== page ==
Thinking About Social Justice

High school students explore complex issues through a variety of media at Penn Summer Academy.

This summer, 90 high school students from all over the world gathered virtually to participate in Penn’s Social Justice Research Academy. It is one of seven Penn Summer Academies administered by the School of Liberal and Professional Studies (LPS) as part of the broader Penn Summer program.

Pablo Aguilera Del Castillo, a Ph.D. student in anthropology who focuses on environmental anthropology, joined the Social Justice Research Academy (SJRA) as one of six teaching fellows this summer. He is passionate about teaching, but found this experience especially rewarding. “The class is specifically aimed at thinking about social justice, which is not a topic I usually get a chance to teach as a Ph.D. student,” he says. “And I was excited to add some of the environmental justice concerns that I had hoped to bring to the course.”

Established in 1998, the Summer Academies give selected high school students the opportunity to engage in college-level research, interact with faculty and guest speakers, and take advantage of University resources such as the Penn Libraries. Except for the SJRA and a session on American Sign Language and Deaf Culture, the Summer Academies are STEM-based, including chemistry, neuroscience, physics, mathematics, and biomedical research. Classes run for three to four weeks, and normally are held on campus. However, for the past two years, due to the pandemic, the sessions went virtual.

This shift to a virtual format brought challenges as well as opportunities.

One benefit was increased reach. Nearly 500 students participated this summer. The SJRA alone drew 90 students—more than double the normal enrollment—and included young people from the United States, Korea, China, India, Mexico, and Australia.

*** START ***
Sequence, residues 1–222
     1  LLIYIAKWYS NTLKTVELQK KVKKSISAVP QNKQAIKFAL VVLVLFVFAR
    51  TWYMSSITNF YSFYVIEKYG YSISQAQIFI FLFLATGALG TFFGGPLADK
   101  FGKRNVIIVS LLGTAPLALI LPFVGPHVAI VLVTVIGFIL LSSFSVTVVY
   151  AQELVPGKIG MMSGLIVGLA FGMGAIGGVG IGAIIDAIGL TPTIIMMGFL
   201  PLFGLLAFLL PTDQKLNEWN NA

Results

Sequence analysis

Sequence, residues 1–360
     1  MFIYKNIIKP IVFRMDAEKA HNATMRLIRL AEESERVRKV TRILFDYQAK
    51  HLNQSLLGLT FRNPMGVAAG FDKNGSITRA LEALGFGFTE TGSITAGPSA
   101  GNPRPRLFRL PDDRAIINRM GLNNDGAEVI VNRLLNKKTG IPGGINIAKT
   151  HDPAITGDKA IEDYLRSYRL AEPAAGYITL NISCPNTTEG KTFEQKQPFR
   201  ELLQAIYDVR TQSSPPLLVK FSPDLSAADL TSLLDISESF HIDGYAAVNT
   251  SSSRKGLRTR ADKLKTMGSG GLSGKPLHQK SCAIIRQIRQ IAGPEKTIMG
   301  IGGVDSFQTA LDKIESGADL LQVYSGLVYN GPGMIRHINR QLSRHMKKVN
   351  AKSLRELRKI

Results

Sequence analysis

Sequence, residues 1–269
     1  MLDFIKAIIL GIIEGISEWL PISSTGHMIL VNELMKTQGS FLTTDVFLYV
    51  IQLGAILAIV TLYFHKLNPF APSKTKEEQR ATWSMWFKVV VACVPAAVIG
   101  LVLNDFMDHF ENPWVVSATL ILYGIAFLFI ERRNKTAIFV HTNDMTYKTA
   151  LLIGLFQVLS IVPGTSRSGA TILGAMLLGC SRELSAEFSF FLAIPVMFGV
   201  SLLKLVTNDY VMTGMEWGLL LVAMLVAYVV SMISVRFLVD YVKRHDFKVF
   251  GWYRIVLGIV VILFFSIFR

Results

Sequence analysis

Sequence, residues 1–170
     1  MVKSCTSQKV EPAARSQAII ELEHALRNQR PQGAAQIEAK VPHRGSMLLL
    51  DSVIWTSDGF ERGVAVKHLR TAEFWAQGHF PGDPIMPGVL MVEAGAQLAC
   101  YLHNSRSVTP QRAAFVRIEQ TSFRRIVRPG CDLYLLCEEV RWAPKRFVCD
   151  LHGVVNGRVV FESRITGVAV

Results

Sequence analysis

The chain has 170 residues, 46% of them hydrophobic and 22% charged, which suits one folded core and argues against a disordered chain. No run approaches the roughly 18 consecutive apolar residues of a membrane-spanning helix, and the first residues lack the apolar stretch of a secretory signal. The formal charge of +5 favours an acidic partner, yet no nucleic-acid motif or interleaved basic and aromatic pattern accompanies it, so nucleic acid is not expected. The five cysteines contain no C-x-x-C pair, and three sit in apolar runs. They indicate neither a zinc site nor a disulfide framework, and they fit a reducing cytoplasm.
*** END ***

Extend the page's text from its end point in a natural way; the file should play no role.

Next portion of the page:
Dr. R. Scott Hanson, a lecturer in history at Penn, has served as director of SJRA since 2016 and is responsible for recruiting speakers, tapping Penn faculty and staff and notable public figures and social justice activists from outside the University. “It’s an energizing and creative month of time to interact with some really bright young people who already are doing amazing things in their own schools and communities,” he says.

The SJRA students meet twice daily for large group sessions, Hanson explains. “Mornings begin with a mini-lecture or activity led by me and members of the teaching staff to set the scene for the day and open a discussion on a social justice topic. Then we’re joined by a guest speaker. After lunch students meet for small group discussion with an instructor before coming back together to close out the day—all on Zoom this year and last year.”

Each student completes a final capstone project, traditionally a written paper. But SJRA assistant director and teaching fellow Sarah McDowell says students are also encouraged to use a variety of media for their projects. “We’ve had powerful art displays with commentaries on social justice issues, wonderful and complex comics and films, along with more traditional written capstone projects,” she says. “Using various forms of media gives students a great deal of flexibility in expressing themselves. The students can experiment and push their ideas into areas that allow them to grow, which is always wonderful to see.”